Amsterdam Jewish community gets back former synagogue

THE HAGUE, The Netherlands (JTA) — An ancient synagogue in Amsterdam that was sold after World War II has returned to the hands of the Dutch Jewish community.

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The City of Amsterdam signed over the Uilenburger synagogue in the eastern part of the city center to a registered association set up by the Jewish community, according to a report last week in the Dutch Jewish weekly Nieuw Israelietisch Weekblad.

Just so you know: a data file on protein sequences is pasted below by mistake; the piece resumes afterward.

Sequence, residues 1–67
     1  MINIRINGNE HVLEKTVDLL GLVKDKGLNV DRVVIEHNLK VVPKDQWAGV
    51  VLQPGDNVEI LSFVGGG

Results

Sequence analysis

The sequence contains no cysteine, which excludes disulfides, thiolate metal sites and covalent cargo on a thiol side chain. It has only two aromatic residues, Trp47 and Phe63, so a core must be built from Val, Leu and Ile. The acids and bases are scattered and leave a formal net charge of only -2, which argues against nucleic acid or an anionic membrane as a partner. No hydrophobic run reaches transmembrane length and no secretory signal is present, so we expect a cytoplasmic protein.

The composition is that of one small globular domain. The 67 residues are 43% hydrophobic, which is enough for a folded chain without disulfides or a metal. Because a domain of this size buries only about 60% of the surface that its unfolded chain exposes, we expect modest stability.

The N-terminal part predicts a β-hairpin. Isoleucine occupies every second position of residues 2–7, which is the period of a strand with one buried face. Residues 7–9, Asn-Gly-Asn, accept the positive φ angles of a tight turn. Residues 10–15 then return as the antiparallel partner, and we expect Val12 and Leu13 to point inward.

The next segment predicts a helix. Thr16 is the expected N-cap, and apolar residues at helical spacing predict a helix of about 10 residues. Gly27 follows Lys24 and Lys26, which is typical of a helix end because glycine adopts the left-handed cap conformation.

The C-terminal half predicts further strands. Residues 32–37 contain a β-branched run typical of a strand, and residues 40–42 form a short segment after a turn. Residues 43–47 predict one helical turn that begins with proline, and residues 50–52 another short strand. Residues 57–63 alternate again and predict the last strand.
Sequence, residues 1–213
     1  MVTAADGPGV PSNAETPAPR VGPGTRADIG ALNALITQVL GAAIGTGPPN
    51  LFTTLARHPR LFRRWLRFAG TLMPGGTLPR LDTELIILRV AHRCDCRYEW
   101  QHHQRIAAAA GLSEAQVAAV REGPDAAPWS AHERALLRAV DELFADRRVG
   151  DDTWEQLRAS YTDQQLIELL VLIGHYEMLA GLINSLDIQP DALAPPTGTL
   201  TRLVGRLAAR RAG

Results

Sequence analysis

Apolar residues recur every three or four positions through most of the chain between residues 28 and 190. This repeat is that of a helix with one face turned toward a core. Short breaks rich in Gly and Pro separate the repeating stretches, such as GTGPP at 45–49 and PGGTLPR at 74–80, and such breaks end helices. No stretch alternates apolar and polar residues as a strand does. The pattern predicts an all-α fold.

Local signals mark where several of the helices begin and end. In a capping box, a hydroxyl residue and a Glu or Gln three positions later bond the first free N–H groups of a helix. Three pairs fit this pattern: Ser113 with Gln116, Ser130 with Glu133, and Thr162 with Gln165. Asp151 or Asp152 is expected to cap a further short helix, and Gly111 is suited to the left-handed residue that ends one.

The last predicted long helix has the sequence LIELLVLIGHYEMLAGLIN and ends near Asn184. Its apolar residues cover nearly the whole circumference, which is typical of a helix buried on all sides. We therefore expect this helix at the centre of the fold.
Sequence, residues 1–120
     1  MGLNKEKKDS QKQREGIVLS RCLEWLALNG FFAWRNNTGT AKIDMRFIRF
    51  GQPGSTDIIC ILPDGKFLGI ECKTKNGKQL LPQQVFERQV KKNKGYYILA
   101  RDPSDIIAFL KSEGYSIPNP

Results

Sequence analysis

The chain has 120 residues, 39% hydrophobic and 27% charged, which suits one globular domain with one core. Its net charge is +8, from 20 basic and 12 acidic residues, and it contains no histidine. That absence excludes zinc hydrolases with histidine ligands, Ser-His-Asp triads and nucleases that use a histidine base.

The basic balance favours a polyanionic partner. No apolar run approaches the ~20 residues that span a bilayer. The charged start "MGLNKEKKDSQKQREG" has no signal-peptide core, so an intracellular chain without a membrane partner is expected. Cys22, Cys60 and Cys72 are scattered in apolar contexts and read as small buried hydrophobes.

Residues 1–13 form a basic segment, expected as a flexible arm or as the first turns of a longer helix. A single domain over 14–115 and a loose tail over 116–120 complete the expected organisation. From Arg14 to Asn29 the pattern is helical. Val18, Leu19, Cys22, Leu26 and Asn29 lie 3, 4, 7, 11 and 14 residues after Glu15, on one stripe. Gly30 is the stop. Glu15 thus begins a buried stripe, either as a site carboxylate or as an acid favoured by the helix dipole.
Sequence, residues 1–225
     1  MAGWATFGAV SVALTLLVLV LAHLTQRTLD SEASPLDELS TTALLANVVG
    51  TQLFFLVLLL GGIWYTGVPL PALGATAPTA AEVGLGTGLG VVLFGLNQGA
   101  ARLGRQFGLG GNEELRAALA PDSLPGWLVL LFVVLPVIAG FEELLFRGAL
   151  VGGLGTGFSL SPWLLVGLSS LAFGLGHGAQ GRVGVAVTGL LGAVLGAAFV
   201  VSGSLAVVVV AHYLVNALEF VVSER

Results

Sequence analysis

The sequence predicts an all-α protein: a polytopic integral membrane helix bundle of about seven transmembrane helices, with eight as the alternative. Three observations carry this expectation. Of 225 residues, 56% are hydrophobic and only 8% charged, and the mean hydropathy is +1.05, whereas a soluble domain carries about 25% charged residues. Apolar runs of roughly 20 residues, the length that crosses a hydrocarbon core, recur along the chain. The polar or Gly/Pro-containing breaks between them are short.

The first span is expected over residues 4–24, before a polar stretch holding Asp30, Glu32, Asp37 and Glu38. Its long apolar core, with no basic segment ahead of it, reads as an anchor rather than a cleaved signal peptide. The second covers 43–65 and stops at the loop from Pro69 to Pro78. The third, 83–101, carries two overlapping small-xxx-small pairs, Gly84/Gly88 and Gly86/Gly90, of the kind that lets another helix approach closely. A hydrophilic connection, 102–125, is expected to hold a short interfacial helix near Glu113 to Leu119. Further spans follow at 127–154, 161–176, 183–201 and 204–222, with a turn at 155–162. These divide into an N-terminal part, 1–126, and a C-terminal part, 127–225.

The institutions of Holland’s decimated post-Holocaust Jewish community sold the synagogue, which opened in 1766, to the city in 1954 due to lack of use. The building stood vacant for many years before it was rented out as a storage place, NIW reported.

The Uilenburger Shul Foundation, which is the formal owner of the building, has a budget of up to $2.5 million for its plans to renovate the building — a simple but large rectangular structure with a tall gable and three large windows in its façade.

About 75 percent of the 140,000 Jews who lived in the Netherlands in 1941 died in the Holocaust.

Maurits Jan Vink, the chairman of the Uilenburger Shul Foundation, told NIW that he was very happy to see “such a pretty building returning after such a long time to function as a Jewish institution.”

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